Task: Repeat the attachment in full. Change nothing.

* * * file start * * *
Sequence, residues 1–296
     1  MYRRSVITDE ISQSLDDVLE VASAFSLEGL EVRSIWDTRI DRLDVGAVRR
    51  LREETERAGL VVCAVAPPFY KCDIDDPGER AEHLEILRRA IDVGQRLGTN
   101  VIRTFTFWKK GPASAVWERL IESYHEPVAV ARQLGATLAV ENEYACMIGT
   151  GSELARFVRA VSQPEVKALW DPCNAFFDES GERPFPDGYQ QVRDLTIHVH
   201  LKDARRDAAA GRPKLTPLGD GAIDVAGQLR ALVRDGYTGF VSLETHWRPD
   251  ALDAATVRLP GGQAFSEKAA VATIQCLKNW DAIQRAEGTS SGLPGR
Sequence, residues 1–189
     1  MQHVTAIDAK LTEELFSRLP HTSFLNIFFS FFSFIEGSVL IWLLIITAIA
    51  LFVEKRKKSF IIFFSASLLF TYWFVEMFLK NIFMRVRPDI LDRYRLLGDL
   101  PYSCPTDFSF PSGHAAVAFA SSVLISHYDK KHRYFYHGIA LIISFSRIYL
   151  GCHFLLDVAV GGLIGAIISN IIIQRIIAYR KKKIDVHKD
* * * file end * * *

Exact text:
Sequence, residues 1–296
     1  MYRRSVITDE ISQSLDDVLE VASAFSLEGL EVRSIWDTRI DRLDVGAVRR
    51  LREETERAGL VVCAVAPPFY KCDIDDPGER AEHLEILRRA IDVGQRLGTN
   101  VIRTFTFWKK GPASAVWERL IESYHEPVAV ARQLGATLAV ENEYACMIGT
   151  GSELARFVRA VSQPEVKALW DPCNAFFDES GERPFPDGYQ QVRDLTIHVH
   201  LKDARRDAAA GRPKLTPLGD GAIDVAGQLR ALVRDGYTGF VSLETHWRPD
   251  ALDAATVRLP GGQAFSEKAA VATIQCLKNW DAIQRAEGTS SGLPGR
Sequence, residues 1–189
     1  MQHVTAIDAK LTEELFSRLP HTSFLNIFFS FFSFIEGSVL IWLLIITAIA
    51  LFVEKRKKSF IIFFSASLLF TYWFVEMFLK NIFMRVRPDI LDRYRLLGDL
   101  PYSCPTDFSF PSGHAAVAFA SSVLISHYDK KHRYFYHGIA LIISFSRIYL
   151  GCHFLLDVAV GGLIGAIISN IIIQRIIAYR KKKIDVHKD